Cortical carcinoma is an uncommon malignant adrenal tumor that has higher incidence in childhood and middle age (65) and may be functioning especially in females; on CT, it presents malignant features like necrosis, calcifications and hemorrhage with heterogeneous and mainly peripheral enhancement (65). On MR, cortical carcinoma shows low signal intensity on T1-weighted images, high signal on T2-weighted images, and avid and irregular contrast enhancement with slow washout (66,67). Adrenal carcinoma may infiltrate adjacent structures (kidney, inferior vena cava, splenic vessels) and disseminate to the liver, lung, and retroperitoneal lymph nodes (39).
The primary adrenal lymphoma is very rare and in 50% of cases is a bilateral and generally associated with pathologic lymph adenopathy (68). Lymphoma lesions are typically large and homogeneous. On CT and MR imaging, adrenal secondary lymphomas are usually seen as soft tissue masses with slow and progressive enhancement (68).
Metastases are the most frequent malignant adrenal lesions. The most common primary tumor that metastasizes to the adrenal glands is lung cancer followed by breast, colon, melanoma, kidney, and hepatocellular carcinoma (39). These malignant lesions are often bilateral and clinically silent; at CT, adrenal metastases present enhancement on the portal venous phase, but slower washout compared to adenomas (69) (Figure 3). At MR they generally appear hypointense on T1-weighted and moderately hyper- intense on T2-weighted and they don’t show signal loss on OP images (70). The differential diagnosis between metastasis and primary carcinoma is very difficult; carcinoma generally presents higher local invasiveness, especially on vascular structures (39). As a functional imaging modality, 18F-FDG-PET/CT could be useful to distinguish indeterminate adrenal lesions when the suspect of malignancy is high (71).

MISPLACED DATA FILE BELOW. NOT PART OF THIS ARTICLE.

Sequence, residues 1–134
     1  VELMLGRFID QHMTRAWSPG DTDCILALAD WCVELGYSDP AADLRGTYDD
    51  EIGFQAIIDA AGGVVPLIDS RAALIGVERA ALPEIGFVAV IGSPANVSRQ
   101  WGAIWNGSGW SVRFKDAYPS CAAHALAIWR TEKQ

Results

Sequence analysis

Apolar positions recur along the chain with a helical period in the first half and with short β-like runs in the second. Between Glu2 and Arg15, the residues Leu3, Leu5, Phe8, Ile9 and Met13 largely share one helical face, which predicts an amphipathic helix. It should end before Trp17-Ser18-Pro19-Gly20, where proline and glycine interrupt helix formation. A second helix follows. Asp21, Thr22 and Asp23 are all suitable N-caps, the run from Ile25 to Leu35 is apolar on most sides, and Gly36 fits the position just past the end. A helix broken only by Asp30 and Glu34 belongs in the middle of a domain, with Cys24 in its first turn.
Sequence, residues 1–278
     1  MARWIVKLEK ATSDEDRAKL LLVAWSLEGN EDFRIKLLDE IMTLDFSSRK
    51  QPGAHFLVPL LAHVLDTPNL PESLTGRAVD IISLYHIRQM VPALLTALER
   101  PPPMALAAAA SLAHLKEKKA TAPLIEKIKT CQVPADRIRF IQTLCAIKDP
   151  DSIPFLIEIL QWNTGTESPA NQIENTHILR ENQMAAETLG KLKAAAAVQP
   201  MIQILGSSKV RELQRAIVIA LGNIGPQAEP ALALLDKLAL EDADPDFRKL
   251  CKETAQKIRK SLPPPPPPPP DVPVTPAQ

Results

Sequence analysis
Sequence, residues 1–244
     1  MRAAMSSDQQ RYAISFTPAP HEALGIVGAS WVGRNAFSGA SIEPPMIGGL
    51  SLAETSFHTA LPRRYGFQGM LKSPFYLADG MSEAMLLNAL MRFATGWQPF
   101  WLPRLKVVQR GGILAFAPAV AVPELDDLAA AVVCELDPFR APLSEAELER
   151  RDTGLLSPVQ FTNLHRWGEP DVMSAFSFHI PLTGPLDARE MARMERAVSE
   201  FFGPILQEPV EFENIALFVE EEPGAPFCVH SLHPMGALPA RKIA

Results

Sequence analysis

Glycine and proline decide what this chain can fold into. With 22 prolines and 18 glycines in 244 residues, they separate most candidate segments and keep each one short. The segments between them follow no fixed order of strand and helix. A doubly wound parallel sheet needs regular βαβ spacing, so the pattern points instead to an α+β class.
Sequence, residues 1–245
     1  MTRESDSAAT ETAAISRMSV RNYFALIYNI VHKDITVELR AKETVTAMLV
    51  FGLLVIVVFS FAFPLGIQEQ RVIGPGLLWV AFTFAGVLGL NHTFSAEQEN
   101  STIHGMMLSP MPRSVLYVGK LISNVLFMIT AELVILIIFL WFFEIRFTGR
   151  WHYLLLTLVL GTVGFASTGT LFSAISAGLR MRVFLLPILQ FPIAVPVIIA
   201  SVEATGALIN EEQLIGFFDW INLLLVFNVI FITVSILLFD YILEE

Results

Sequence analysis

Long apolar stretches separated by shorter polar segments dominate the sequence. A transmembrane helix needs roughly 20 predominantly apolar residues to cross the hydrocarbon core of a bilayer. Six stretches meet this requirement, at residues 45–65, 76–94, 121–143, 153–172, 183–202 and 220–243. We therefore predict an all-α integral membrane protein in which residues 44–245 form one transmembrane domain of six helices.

Neuroblastoma is a neoplasm that arises from neural crest cells and is the second most common abdominal tumor in childhood after Wilms tumor (72). This lesion usually is heterogeneous showing calcification, necrosis, and intralesional hemorrhage (72). Generally, neuroblastoma becomes symptomatic when it invades or compresses adjacent structures (73). Neuroblastoma appears as a large heterogeneous lesion (73) on CT presenting intralesional calcifications that allows to distinguish this neoplasm from Wilms tumor (72,73). On MR neuroblastoma usually shows low signal on T1-weighted and high signal intensity on T2-weighted images with heterogeneous contrast enhancement (72,73).